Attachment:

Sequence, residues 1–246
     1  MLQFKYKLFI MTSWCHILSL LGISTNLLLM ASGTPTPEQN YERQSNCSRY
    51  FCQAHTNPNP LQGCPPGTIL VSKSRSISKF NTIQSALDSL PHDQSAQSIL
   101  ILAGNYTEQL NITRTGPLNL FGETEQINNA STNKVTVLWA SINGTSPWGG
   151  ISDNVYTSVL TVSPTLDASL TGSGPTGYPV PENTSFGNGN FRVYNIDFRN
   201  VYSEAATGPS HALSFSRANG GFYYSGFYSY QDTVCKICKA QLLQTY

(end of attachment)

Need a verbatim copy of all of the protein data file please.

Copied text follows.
Sequence, residues 1–246
     1  MLQFKYKLFI MTSWCHILSL LGISTNLLLM ASGTPTPEQN YERQSNCSRY
    51  FCQAHTNPNP LQGCPPGTIL VSKSRSISKF NTIQSALDSL PHDQSAQSIL
   101  ILAGNYTEQL NITRTGPLNL FGETEQINNA STNKVTVLWA SINGTSPWGG
   151  ISDNVYTSVL TVSPTLDASL TGSGPTGYPV PENTSFGNGN FRVYNIDFRN
   201  VYSEAATGPS HALSFSRANG GFYYSGFYSY QDTVCKICKA QLLQTY